After about two weeks of an intense search for inspiration, I finally came up with a plan that I was happy enough with to start work on my third item that #usedtobeatablecloth.

I already knew that the tablecloth itself will be turned into a circle skirt, and I had an idea about the silhouette too, so I was just looking for a bodice with some nice seam lines. I went with the same design as the one on the swimsuit below, but looking at the final result now, I am pretty sure that subconsciously I was going for a Dior look after watching the Dior and I documentary a few days before finalizing the plan…

Image sources clockwise from left: 123, 4

I decided to draft my own pattern, because I have recently experimented with a design using my brand new bodice block (drafted to my size), and I was really happy with the results.

First I measured where I would like the top of the bodice to finish, and where the dart should finish, by wearing the toille for the original block. Then I took these measurements and transferred them onto my copied bodice pattern.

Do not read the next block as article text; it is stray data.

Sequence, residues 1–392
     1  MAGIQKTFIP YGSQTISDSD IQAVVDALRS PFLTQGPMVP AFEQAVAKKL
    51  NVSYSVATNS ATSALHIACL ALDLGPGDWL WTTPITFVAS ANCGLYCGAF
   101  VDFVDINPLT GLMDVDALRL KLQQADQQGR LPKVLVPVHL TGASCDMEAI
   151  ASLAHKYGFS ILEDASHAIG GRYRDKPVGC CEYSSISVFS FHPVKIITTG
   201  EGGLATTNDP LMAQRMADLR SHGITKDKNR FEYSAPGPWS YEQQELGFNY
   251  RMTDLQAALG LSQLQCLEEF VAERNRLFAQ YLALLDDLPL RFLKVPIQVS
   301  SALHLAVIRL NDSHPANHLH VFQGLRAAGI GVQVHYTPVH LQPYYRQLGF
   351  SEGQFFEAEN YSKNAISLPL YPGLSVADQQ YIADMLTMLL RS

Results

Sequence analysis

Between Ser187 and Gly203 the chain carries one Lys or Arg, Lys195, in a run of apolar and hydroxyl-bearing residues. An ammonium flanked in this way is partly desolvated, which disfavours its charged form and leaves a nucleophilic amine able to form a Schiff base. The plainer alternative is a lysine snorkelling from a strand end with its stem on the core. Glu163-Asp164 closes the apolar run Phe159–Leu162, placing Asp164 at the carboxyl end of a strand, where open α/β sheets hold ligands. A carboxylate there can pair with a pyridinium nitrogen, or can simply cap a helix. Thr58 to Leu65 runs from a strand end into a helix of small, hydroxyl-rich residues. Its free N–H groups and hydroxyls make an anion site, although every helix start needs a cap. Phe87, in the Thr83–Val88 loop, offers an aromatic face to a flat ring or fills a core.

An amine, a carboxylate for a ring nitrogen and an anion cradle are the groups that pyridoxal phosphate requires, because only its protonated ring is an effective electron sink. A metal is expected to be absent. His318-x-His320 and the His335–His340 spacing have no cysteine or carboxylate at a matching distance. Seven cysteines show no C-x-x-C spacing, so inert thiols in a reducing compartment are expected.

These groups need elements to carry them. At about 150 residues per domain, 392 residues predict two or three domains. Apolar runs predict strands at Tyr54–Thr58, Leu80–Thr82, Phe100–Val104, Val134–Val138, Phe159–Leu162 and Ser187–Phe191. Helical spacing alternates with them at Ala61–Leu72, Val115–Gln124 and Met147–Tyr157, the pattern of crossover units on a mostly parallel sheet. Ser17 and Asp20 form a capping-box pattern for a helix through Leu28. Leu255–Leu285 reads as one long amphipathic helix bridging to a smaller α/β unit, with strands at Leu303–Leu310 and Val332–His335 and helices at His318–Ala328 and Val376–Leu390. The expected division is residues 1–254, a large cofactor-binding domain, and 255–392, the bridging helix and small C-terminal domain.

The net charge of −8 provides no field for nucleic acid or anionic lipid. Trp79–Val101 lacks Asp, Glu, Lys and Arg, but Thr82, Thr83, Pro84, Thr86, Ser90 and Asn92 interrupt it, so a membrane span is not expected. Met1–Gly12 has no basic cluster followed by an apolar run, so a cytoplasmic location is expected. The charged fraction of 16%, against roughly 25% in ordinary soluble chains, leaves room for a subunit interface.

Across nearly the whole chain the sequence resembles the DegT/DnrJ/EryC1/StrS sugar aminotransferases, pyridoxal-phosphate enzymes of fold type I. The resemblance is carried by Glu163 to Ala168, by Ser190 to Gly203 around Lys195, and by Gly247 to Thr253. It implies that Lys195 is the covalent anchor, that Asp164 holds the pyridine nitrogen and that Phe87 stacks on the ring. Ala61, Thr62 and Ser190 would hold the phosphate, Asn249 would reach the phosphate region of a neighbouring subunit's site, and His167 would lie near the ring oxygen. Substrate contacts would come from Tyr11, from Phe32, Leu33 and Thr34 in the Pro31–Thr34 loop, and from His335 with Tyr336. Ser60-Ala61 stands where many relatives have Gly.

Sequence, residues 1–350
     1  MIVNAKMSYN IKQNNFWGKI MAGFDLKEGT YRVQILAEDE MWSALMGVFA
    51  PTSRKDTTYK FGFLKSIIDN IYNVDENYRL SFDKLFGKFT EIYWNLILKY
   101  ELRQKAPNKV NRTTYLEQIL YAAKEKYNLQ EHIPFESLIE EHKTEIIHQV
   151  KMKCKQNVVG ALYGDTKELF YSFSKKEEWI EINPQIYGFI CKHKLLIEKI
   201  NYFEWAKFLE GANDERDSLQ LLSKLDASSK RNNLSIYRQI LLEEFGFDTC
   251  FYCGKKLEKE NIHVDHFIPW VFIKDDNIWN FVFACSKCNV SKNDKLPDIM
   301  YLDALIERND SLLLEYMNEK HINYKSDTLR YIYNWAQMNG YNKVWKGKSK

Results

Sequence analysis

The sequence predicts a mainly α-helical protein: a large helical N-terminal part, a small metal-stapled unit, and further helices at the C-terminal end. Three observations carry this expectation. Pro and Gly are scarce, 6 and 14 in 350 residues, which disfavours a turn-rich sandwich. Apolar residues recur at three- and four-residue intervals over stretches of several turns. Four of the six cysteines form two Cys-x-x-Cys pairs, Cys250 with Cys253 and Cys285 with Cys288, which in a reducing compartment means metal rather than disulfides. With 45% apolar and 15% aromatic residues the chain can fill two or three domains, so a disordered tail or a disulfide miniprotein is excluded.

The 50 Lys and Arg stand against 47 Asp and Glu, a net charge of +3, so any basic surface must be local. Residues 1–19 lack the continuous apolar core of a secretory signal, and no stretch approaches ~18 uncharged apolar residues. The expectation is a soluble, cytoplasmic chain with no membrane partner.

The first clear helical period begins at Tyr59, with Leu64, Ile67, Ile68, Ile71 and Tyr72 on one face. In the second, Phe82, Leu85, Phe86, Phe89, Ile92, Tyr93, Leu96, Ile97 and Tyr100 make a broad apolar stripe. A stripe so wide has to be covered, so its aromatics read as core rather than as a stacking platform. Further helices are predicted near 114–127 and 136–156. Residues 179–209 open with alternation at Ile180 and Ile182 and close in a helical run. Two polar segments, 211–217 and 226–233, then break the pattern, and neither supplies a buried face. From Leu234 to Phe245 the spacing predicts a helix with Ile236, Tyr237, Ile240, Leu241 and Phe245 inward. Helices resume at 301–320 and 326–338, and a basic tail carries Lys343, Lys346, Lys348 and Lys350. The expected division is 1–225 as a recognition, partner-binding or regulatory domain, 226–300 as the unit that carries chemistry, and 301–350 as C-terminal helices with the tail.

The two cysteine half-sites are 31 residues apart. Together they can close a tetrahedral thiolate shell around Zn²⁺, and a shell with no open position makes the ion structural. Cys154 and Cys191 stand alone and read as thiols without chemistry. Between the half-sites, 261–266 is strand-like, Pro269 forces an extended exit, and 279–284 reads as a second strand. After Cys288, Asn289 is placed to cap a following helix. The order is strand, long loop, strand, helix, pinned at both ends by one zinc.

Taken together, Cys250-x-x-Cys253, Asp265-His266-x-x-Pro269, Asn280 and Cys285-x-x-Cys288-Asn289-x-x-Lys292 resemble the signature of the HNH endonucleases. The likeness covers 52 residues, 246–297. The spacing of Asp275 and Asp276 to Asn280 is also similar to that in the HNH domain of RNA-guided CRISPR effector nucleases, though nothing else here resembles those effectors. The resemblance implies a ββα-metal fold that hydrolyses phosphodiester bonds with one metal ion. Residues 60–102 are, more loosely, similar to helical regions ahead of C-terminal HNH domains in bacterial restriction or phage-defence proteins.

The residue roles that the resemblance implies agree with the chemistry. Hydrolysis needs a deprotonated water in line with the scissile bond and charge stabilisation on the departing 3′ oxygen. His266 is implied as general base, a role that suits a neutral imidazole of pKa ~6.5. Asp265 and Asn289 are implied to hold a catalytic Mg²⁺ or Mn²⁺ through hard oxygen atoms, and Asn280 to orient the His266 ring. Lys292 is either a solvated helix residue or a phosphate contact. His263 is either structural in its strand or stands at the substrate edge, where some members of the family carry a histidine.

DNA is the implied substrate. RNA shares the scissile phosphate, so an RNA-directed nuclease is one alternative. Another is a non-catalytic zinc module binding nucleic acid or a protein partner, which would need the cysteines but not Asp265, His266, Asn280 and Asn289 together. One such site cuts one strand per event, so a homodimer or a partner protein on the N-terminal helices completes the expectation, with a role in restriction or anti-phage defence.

After this, I just marked where I would like the seam lines to be, and decided how wide the opening on the back should be for a lace up closure. Once I had all these lines, I copied the new pattern pieces to plain paper, one by one, and closed/opened the darts where it was necessary. After adding the seam allowances, I was ready to make a toille.

TheSecretCostumier - #usedtobeatablecloth -The construction

TheSecretCostumier - #usedtobeatablecloth -The construction

I was trying to buy some calico in my local fabric shop, but it was way too expensive, so I bought some polycotton instead. After making up the toille from it, laziness triumphed and I decided it will also serve as the lining. I actually didn’t even think about lining it at first, not because I didn’t want to, but simply because I totally forgot about it.

TheSecretCostumier - #usedtobeatablecloth -The construction

TheSecretCostumier - #usedtobeatablecloth -The construction

The size of the circle that was cut out (to turn the tablecloth into a circle skirt) was based on my waist measurement plus seam allowance, and I deducted the gap I needed to leave for the lace up back opening.